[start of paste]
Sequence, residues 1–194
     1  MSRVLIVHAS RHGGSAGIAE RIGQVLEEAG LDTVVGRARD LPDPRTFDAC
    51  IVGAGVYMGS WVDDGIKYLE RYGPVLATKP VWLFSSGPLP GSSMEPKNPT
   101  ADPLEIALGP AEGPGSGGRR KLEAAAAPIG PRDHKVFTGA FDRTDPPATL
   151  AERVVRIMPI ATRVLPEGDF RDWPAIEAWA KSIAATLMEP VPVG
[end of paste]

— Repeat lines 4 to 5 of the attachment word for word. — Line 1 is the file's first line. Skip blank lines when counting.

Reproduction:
   101  ADPLEIALGP AEGPGSGGRR KLEAAAAPIG PRDHKVFTGA FDRTDPPATL
   151  AERVVRIMPI ATRVLPEGDF RDWPAIEAWA KSIAATLMEP VPVG